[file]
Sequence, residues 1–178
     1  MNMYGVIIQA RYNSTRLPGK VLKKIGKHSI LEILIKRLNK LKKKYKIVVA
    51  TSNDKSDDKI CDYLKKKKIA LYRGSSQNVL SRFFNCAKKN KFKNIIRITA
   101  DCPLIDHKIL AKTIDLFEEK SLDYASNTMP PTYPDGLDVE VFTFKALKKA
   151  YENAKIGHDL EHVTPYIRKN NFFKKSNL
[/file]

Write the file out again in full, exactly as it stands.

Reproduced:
Sequence, residues 1–178
     1  MNMYGVIIQA RYNSTRLPGK VLKKIGKHSI LEILIKRLNK LKKKYKIVVA
    51  TSNDKSDDKI CDYLKKKKIA LYRGSSQNVL SRFFNCAKKN KFKNIIRITA
   101  DCPLIDHKIL AKTIDLFEEK SLDYASNTMP PTYPDGLDVE VFTFKALKKA
   151  YENAKIGHDL EHVTPYIRKN NFFKKSNL